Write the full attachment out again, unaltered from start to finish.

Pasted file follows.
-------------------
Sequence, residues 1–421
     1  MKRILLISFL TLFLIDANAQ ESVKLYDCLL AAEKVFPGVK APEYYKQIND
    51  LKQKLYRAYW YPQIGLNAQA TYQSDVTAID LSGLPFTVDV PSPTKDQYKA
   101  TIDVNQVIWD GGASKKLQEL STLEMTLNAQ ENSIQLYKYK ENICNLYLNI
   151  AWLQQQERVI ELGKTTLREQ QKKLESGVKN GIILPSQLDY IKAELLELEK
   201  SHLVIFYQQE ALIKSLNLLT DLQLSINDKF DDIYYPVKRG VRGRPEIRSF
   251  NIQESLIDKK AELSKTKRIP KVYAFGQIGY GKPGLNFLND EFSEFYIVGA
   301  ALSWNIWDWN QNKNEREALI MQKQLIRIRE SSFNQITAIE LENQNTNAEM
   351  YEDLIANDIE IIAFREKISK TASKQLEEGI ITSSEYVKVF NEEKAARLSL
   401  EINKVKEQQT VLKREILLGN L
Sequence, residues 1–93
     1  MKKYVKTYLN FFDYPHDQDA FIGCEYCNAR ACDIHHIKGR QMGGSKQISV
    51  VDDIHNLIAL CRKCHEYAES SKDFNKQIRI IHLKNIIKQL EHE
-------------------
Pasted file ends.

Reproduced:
Sequence, residues 1–421
     1  MKRILLISFL TLFLIDANAQ ESVKLYDCLL AAEKVFPGVK APEYYKQIND
    51  LKQKLYRAYW YPQIGLNAQA TYQSDVTAID LSGLPFTVDV PSPTKDQYKA
   101  TIDVNQVIWD GGASKKLQEL STLEMTLNAQ ENSIQLYKYK ENICNLYLNI
   151  AWLQQQERVI ELGKTTLREQ QKKLESGVKN GIILPSQLDY IKAELLELEK
   201  SHLVIFYQQE ALIKSLNLLT DLQLSINDKF DDIYYPVKRG VRGRPEIRSF
   251  NIQESLIDKK AELSKTKRIP KVYAFGQIGY GKPGLNFLND EFSEFYIVGA
   301  ALSWNIWDWN QNKNEREALI MQKQLIRIRE SSFNQITAIE LENQNTNAEM
   351  YEDLIANDIE IIAFREKISK TASKQLEEGI ITSSEYVKVF NEEKAARLSL
   401  EINKVKEQQT VLKREILLGN L
Sequence, residues 1–93
     1  MKKYVKTYLN FFDYPHDQDA FIGCEYCNAR ACDIHHIKGR QMGGSKQISV
    51  VDDIHNLIAL CRKCHEYAES SKDFNKQIRI IHLKNIIKQL EHE